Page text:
It’s been a fair few hours since I saw The Voices, and I’m still not exactly sure what I just sat through. The prospect of Ryan Reynolds talking to his pets and occasionally stabbing people didn’t sound like an average trip to the movies, and it certainly didn’t prove to be. Part pitch-black comedy, part psycho-drama, The Voices is a full-scale mess – but it’s the kind of mess where Gemma Arterton spends much of the film as a disembodied head barking orders from a refrigerator, so there’s only so much I can really complain about.
Sound odd? Well, that’s because it is odd. The Voices throws its utter strangeness in your face from the off, with Reynolds playing a fundamentally disturbed man living in a world that might as well have fallen straight out of an Aardman animation. The primary colors are bright, the characters are quirky and everyone who works at the local ceramics factory wears bright pink jumpsuits. It’s a world a few uppers away from reality, where every surface is squeaky clean and every conversation may as well be happening in a vacuum. That is, until, Reynolds starts murdering people.
It’s then that The Voices begins vigorously hopping between stalls, all the while drawing comparisons to (and plucking ideas from) everything from Henry, Portrait of a Serial Killer to Fargo. The violence, while initially amusingly melodramatic and ridiculous, becomes a tad tiresome as the cycle of murder repeats one too many times. It’s an issue present in plenty of serial-killer flicks – how can you keep the art of murder fresh and inventive? Seven did it through sheer, sadistic creativity, while Sightseers pulled it off with deadpan comedy, but both approaches would have been at odds with The Voices‘ oddball mix of po-facedness and poo jokes.
It occasionally feels like watching a dinner date perform gymnastics when all you really want to do is have a conversation. The film dances between psychological profiling, stylized drama and all-out slapstick in ways that feel far from natural, to the point where it often seems like 3 or 4 different movies mashed together. While watching something this messy is usually entertaining – and believe me, the film is far from dull – it’s very hard to look back on The Voices as much more than a romp through an excess of genres and a handful of knowing references.
It seems so focused on achieving “cult status” that it refuses to acknowledge its limitations. Henry: Portrait of a Serial Killer dedicated almost its entire runtime to its revolutionary analysis of the murderous mind at work, but The Voices doesn’t have nearly enough patience for such things. The “psychological analysis” of Reynolds’ character is painted with the broad brush-strokes of a screenwriter who wasn’t willing to do any proper research – and don’t even get me started on the laughably vague treatment of medication.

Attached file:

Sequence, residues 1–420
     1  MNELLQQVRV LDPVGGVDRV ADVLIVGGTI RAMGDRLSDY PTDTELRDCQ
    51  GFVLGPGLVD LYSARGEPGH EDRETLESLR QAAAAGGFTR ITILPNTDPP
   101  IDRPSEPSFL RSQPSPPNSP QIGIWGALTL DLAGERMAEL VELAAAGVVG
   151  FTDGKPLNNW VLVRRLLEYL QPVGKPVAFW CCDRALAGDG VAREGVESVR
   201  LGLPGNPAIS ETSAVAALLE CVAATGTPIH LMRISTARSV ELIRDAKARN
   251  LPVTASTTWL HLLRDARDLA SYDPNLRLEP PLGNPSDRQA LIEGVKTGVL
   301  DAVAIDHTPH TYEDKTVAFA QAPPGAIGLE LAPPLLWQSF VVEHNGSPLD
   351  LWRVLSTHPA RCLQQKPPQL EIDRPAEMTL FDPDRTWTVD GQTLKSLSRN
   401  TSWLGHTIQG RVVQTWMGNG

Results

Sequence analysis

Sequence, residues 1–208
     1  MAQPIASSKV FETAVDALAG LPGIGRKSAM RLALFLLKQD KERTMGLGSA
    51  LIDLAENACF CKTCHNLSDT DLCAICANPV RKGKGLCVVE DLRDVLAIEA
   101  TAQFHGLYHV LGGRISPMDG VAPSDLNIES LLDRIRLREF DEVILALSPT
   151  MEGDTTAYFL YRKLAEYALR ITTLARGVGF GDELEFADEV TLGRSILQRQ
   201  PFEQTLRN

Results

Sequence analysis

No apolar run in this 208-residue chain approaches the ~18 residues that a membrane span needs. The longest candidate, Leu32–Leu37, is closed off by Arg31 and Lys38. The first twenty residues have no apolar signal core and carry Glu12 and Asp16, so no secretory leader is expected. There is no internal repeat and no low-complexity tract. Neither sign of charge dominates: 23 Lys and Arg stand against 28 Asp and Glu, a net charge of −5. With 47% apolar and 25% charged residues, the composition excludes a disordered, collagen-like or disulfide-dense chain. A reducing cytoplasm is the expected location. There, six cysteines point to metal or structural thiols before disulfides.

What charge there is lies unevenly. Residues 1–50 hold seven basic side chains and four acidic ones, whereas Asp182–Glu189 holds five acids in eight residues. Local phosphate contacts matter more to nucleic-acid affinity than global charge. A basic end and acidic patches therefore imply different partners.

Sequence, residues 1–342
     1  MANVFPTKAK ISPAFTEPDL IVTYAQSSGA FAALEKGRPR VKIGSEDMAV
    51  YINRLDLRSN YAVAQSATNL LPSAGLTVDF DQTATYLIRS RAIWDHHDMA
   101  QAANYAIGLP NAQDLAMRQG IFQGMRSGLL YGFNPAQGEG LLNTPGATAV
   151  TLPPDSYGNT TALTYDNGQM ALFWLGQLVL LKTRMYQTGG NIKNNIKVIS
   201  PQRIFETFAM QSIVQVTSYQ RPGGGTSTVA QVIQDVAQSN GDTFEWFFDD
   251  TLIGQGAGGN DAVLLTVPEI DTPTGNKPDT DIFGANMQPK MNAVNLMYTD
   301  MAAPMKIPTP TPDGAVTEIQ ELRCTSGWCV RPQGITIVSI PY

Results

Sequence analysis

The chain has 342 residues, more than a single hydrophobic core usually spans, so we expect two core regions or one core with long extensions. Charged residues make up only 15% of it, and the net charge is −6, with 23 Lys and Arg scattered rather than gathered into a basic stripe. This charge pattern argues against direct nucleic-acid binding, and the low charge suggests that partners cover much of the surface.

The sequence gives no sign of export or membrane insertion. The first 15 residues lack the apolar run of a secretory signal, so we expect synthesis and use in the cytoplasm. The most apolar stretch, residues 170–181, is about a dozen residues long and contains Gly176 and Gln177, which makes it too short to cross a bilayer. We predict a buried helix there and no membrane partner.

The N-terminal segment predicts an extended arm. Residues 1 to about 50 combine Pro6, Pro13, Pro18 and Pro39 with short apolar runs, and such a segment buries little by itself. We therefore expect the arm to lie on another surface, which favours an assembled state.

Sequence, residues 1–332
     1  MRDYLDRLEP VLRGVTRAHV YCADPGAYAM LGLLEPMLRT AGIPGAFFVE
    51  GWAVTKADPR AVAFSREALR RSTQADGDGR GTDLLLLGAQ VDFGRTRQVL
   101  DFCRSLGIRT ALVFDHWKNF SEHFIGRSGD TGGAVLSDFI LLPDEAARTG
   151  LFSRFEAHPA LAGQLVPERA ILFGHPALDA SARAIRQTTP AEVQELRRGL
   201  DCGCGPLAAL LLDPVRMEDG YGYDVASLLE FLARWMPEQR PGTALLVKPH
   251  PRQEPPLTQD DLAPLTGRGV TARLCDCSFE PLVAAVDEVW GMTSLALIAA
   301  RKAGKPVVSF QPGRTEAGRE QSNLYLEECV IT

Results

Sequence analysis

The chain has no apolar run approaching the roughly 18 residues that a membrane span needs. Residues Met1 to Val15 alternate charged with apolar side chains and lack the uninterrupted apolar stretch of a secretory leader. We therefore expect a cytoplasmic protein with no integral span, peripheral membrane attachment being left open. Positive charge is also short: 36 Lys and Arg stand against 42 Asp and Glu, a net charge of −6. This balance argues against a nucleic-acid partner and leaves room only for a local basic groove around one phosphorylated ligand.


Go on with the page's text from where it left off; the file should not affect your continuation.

I shouldn’t be complaining about such things when it comes to this type of film (Stoker, for example did something very similar last year and wholeheartedly got away with it), but The Voices keeps begging you to take it seriously when it should just let you kick back and enjoy the silliness. For every scene in which Reynolds bickers with his poorly accented animals, or the growing stockpile of heads in his refrigerator, there’s a pitch black flashback or emotional breakdown that seems ripped from a completely different film.
This tonal polarization works both ways though, and when The Voices gets silly it’s an absolute blast to watch. In spite of all the negative bits and pieces I’ve sounded off over the last couple of paragraphs, I’d be lying if I said I didn’t enjoy it. Many of the quirkier scenes were so unexpected that I found my jaw dropping in semi-confused awe – The Voices is nothing if not entertaining, and is blessed with an unexpectedly brilliant leading light.
Much like Hitchcock’s historic casting of Anthony Perkins in Psycho, Reynolds always seemed destined to inhabit the role of a serial murderer. He just looks like a psychotic killer, and his eerie, slightly creepy charm is the only thing that works consistently well across The Voices’ tonal smorgasbord. Pretty much all the other characters are paper-thin, cookie-cutter stereotypes (Arterton’s bitchy office vixen, Anna Kendrick’s lovestruck strumpet), but who cares about that when you’re watching Ryan Reynolds having a chat with a piece of road-kill? I sure don’t.
First and foremost, The Voices is a complete and utter mess – that said, I’m glad that it exists. It would take a stickler to begrudge the world of cinema something this odd, and Reynolds (an actor who, outside Buried, has failed to convince) is rather brilliant. It’s a film that works worst when it asks you to take it seriously, and works best when it doesn’t, but never fails to provide heapings of bloody and completely out-there entertainment. When a film is this deliriously odd, who really needs coherence?
The Voices is a strange, tonally awkward and thoroughly entertaining mess.